Associate Professor, Music Theory
What I doAssistant Professor of Music Theory. I teach courses on music theory, music theory pedagogy, modal counterpoint, rap music and hip hop, mathematics in music since 1970, and the psychology of music preference.
I joined the Lamont School in 2016. Previously I held positions at Shenandoah University in Winchester, VA and Washington University in St. Louis, MO. My monograph on the rhythm of the rapping voice, Flow: The Rhythmic Voice in Rap Music, is available from Oxford University Press (2019). My articles on rhythm in rap music and expressive timing in classical music and other genres are available in Journal of New Music Research, Music Theory Online, Empirical Musicology Review, and Indiana Theory Review. I have also written two guides to my subfields, one on expressive timing in The Oxford Handbook of Critical Concepts in Music Theory and one on corpus studies in hip hop in The Oxford Handbook of Musical Corpus Studies.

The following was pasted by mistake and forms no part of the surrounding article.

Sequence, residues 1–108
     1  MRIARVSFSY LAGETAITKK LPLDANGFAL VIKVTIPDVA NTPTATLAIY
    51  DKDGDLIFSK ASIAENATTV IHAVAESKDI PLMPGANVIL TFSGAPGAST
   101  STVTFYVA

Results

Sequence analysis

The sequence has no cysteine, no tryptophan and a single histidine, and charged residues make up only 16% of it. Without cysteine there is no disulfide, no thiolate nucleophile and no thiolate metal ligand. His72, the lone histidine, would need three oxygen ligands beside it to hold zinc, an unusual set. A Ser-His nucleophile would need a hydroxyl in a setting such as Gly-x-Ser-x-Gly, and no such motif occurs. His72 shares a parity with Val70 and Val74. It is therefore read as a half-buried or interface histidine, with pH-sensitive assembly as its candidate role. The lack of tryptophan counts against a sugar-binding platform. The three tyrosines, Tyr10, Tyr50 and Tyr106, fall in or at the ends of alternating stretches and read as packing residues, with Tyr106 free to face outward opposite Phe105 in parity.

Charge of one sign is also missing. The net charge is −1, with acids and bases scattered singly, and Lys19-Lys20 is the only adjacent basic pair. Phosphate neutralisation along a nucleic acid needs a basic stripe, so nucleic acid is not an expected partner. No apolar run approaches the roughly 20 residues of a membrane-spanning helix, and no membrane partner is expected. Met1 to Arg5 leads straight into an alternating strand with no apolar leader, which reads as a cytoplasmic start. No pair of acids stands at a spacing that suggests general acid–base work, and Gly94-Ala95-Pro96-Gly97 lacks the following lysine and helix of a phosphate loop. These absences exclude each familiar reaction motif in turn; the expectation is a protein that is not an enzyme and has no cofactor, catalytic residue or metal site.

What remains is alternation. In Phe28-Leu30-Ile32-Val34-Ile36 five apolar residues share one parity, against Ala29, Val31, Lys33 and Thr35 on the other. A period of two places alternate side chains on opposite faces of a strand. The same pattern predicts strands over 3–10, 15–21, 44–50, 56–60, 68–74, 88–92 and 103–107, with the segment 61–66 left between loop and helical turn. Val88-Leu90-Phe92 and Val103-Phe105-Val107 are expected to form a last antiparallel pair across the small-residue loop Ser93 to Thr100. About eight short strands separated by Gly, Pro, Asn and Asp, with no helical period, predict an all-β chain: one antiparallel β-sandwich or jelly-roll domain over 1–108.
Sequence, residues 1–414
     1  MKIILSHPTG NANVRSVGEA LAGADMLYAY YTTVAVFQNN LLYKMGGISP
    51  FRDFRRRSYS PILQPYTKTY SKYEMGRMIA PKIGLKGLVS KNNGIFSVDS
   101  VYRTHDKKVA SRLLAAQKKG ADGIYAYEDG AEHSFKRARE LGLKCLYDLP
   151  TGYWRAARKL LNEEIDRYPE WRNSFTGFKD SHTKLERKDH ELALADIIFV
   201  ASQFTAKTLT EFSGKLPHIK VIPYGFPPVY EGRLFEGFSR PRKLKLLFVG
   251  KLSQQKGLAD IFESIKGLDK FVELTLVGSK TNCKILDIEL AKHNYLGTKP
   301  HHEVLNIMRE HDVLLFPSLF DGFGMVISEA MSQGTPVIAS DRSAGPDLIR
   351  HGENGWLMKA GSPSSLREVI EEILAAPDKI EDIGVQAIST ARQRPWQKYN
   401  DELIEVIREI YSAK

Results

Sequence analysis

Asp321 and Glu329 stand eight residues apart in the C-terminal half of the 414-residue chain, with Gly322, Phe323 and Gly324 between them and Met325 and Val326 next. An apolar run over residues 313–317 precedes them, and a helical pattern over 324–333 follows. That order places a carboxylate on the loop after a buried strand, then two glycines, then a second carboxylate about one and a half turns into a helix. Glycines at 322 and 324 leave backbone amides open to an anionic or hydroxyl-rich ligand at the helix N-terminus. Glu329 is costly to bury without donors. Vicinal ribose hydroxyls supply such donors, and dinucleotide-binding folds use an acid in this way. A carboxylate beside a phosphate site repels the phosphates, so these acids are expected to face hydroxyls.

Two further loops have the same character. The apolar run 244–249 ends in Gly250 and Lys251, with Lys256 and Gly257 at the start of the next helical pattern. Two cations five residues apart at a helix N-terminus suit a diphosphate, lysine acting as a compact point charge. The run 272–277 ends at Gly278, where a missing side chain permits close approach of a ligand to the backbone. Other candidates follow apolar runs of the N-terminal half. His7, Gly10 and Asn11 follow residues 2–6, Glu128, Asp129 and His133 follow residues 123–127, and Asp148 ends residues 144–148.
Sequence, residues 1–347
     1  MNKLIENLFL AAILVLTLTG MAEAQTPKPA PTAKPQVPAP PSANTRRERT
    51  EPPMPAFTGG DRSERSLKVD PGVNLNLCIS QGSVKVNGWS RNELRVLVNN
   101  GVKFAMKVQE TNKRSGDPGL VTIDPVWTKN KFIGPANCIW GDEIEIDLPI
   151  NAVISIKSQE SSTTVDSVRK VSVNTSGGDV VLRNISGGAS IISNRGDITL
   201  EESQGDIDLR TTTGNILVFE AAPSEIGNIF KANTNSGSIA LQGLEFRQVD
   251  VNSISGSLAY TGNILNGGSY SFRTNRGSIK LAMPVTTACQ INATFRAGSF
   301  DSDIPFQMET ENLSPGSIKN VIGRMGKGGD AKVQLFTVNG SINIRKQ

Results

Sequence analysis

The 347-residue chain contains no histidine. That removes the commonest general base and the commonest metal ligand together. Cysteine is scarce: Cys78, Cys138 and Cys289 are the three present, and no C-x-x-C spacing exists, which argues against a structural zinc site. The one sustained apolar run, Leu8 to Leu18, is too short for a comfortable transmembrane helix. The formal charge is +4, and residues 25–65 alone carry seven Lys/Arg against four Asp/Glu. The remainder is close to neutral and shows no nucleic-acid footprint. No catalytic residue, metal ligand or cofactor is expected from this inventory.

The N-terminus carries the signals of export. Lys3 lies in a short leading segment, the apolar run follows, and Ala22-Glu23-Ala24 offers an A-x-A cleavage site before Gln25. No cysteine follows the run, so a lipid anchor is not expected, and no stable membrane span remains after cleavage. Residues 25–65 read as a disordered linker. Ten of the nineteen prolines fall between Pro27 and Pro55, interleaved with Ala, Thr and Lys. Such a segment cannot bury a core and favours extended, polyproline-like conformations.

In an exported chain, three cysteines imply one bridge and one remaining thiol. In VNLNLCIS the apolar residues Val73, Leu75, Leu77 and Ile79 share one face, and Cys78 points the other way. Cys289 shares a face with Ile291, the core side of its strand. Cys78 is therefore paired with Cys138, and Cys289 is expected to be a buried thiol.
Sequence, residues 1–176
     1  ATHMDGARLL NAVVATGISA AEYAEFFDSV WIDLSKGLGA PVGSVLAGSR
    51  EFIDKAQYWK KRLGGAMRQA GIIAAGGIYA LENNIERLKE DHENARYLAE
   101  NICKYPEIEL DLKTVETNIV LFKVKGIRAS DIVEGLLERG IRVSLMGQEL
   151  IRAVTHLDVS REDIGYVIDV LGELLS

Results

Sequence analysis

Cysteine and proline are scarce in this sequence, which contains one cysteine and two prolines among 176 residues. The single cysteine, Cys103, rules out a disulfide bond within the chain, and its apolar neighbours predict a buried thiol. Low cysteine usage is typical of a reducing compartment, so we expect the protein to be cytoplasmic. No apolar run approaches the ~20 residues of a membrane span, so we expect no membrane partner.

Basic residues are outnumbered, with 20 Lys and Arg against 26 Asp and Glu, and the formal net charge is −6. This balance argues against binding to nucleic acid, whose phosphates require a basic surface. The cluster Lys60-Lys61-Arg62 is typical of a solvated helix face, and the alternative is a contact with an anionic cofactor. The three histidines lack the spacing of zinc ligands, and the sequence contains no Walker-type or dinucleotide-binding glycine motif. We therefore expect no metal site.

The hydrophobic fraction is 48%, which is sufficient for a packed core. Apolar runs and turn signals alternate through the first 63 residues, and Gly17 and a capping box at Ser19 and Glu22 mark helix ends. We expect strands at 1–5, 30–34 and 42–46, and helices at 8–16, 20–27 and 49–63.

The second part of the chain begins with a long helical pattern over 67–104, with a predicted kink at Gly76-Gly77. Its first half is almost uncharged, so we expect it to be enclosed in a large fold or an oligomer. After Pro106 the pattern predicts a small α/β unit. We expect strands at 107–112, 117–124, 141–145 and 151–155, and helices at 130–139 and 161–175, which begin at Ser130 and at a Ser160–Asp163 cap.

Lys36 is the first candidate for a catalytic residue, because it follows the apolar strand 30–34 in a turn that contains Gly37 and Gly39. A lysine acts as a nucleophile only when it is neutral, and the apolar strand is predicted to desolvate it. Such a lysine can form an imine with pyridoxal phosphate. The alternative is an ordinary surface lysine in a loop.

- Ph.D., Music Theory, Indiana University, 2011
Since 2014, I have researched, primarily, the rhythm in the rapping voice, primarily using methods of musical corpus studies and computational music analysis. My work teases out the nature of emceeing, an activity situated between speech and song.
Areas of Research
computational music analysis
(2017). (Why) Does Talib Kweli Rhyme Off-Beat. 2017 Annual Meeting. Salt Lake City, UT: Rocky Mountain Society for Music Theory..
- Emerging Scholar Award, Society of Music Theory